Hot tubs, spas and Jacuzzis are recreational equipment for hydrotherapy and relaxation.
As soon as water fills the basin, it becomes an aquatic microbiome. Any chemical, mineral or organism stays in the water unless it is filtered out, chemically treated or removed. A hot tub owner or operator may not know if all of the microorganisms are taken out of the water system. But much of the aquatic diversity cannot be seen with the human eyes.
A common myth about microbes is that hot water must kill off anything that could be living inside the water column.
Although water boils at 212°F (100°C), typical hot tubs and Jacuzzis allow for water temperature between 95°F-104°F (35°C-40°C). The personal comfort level can keep the water warmer or cooler with many of the settings.
Along with proper maintenance, the water is purified between uses. Depending on the frequency of use, water depth and number of individuals using the hot tub; all determine how often the water is drained then refilled. Water odor, clarity, and film/foam in the upper layer could all indicate potential issues with quality.
Water treatment and chemical shocks purify the water and destroy most microorganisms in the water, but some still can survive if the water is not hygienic and could actually thrive in hot water alone.
When humans enter the water or use the water; they come into contact with these organisms. The majority of them are harmless and can easily be ignored by our immune system.
They do not cause illness or disease. Their benign nature cause no health effects. But there are some water-bound protozoan pathogens that cause health concerns all around the world, but especially in recreational hot tubs, spas and Jacuzzi tubs.
Protozoa are a unique group of microorganisms. They are multi-cellular and live in many habitats including the aquatic environment.
Some can swim with the help of tails called flagella. Others can grab onto hard surfaces with tiny hair-like projections called cilia. Still others simply flow with water and cannot move or swim.
They can have extra external armor that protects them from drying out. This outer membrane is one of the problems with traditional water treatment. Chlorination and chemical treatment procedures cannot penetrate the shell and becomes ineffective against killing the protozoa in water.
The protozoan life cycle is quite varied. They can replicate rapidly and offspring can remain suspended in a dormant cyst stage, for future emergence when the environmental conditions are better. Other protozoan species only exist as parasites.
What is a Parasite?
A parasite requires a host to survive. They need specific nutrients or blood meals from their hosts. Since a host is considered to be temporary housing to the parasite, hosts are rarely destroyed or killed by the parasite.
Some parasitic infections cause humans to become very sick as their body is attempting to fight off the microbe. Children, pregnant women, elderly and anybody with weakened immune systems have difficulty fighting these parasites. They are at greater risk to water quality impairment.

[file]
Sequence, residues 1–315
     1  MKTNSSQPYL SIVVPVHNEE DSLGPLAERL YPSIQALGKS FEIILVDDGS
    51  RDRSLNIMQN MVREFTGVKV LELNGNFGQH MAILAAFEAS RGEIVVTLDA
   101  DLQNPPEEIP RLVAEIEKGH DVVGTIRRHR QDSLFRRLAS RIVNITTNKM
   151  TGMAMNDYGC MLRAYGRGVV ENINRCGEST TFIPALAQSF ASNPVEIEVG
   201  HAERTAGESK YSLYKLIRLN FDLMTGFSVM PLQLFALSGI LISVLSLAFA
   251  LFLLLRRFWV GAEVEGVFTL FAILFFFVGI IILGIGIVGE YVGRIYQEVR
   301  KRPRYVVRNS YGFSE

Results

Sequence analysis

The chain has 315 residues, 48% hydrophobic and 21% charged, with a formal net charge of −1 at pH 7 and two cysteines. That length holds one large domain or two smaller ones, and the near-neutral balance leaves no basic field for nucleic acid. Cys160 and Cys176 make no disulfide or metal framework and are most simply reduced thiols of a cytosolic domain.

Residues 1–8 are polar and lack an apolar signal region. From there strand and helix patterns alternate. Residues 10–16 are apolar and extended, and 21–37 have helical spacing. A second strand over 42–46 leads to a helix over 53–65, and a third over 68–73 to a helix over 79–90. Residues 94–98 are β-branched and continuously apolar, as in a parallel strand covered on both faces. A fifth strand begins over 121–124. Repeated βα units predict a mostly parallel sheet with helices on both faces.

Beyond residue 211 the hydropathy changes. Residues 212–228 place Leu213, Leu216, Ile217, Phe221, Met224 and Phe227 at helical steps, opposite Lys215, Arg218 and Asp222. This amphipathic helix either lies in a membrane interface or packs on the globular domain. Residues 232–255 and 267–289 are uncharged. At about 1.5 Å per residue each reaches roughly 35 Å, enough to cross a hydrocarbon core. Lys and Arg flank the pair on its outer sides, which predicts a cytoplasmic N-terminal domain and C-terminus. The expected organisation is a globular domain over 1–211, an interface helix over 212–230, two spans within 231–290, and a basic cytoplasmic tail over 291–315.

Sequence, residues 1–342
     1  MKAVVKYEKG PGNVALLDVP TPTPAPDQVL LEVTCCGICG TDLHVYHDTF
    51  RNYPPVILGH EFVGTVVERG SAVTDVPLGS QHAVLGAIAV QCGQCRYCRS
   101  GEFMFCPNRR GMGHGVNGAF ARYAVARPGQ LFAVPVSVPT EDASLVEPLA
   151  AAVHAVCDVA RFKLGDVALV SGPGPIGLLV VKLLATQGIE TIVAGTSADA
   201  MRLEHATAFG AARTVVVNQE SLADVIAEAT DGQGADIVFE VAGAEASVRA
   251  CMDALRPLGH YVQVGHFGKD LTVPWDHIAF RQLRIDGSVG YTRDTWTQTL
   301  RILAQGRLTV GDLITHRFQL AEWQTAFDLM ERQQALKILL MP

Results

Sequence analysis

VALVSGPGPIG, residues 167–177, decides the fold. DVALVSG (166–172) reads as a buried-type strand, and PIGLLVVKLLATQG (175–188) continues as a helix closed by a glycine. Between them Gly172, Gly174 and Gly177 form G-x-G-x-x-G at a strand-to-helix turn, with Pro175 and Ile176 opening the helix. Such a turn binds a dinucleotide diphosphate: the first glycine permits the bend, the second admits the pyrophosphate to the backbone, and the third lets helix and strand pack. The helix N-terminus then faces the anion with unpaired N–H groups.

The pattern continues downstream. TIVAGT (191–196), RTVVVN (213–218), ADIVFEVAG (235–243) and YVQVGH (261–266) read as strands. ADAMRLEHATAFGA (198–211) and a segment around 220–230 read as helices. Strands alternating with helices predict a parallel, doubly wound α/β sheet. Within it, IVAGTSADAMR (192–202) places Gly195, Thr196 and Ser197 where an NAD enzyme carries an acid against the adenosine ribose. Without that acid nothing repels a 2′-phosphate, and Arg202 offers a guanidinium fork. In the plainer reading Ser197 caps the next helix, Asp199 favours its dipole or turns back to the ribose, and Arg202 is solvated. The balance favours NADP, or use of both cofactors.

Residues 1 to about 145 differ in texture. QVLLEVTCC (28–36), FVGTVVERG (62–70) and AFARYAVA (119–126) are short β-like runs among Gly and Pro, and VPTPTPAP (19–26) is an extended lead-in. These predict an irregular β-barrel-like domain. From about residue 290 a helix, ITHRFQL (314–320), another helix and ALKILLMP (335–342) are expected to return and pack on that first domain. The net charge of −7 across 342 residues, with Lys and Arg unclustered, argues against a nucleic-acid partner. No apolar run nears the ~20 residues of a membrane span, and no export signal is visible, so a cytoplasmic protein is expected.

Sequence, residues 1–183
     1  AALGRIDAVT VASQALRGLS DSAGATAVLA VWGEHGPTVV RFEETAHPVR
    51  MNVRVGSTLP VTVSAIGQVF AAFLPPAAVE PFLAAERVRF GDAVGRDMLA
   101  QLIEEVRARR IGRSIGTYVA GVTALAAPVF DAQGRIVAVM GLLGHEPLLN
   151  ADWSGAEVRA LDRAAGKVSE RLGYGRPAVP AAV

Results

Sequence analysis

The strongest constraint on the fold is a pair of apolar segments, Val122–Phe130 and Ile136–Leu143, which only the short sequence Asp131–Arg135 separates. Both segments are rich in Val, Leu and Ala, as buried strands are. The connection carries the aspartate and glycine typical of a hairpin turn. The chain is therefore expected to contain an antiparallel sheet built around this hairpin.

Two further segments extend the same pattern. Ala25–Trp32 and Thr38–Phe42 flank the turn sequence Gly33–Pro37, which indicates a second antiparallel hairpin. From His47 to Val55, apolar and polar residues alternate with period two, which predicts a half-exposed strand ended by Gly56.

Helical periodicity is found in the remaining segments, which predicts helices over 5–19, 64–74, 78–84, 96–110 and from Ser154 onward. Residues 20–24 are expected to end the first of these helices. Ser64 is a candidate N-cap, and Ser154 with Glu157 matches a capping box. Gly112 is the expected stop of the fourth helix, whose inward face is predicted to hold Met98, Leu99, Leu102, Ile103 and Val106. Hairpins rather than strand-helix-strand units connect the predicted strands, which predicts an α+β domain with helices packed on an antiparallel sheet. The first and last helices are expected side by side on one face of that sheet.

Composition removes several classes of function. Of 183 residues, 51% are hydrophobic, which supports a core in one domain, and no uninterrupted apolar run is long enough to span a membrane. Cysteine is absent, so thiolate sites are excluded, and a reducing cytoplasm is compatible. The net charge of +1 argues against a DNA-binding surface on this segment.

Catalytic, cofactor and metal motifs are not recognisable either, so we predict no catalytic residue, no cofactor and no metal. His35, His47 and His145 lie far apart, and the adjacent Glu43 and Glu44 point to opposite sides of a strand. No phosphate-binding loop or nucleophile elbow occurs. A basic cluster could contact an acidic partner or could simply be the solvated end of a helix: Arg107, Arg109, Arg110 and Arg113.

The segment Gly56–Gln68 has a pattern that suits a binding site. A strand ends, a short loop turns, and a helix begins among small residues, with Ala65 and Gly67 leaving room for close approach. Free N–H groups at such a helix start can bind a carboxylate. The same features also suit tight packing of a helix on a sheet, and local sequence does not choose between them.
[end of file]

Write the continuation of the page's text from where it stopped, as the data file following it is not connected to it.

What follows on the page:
Let’s take a closer look at some common parasites.
Cryptosporidium is a public parasite also known by the abbreviation Crypto. If infected water enters the mouth or is swallowed, the individual can get sick quite rapidly.
Common symptoms include diarrhea, vomiting, stomach pain and nausea. For most people, the infection will run its course and not need medications. Dehydration is a minor risk.1.
Giardia is present in contaminated water and attaches to the small intestine in humans and animals. As it feeds from the nutrients during digestion, the gastrointestinal system starts fighting off the infection.
Stomach aches, diarrhea and vomiting overcome the individual in the hopes of expelling the parasite from the body. Individuals will need medical attention to combat this parasite. Stool samples will be taken to correctly diagnose the infection.
The Centers for Disease Control and Prevention mentions several medicinal treatments that include: Metronidazole; Tinidazole; Nitazoxanide 1; Paromomycin; Quinacrine; Furazolidone. 2.
Keeping You and your Hot Tub Healthy
Water parasites can be prevented easily.
Water filtration is the first line of defense against these organisms. Any stage in their life cycle will be captured in most filtration systems. All hot tubs and spas have standard operating procedures for proper water filtration with primary and secondary treatment.
In addition to chlorine additives or shock treatment, Ultraviolet Light and/or Oxidizers are suggested. This will eliminate any possible parasite threat to the water supply.
As a precautionary measure, if someone is believed to have been taken ill by a parasite, draining the facilities and thoroughly cleaning the basin and tanks will further prevent the spread of any parasites to additional hosts.
If a person has been ill between 2-7 days with vomiting, diarrhea or other symptoms from water parasites, kindly ask them to be courteous and not use the hot tub or spa.
With these simple steps, you can gain positive benefits from hydrotherapy and maintain perfect water conditions in your hot tub, spa and Jacuzzi.
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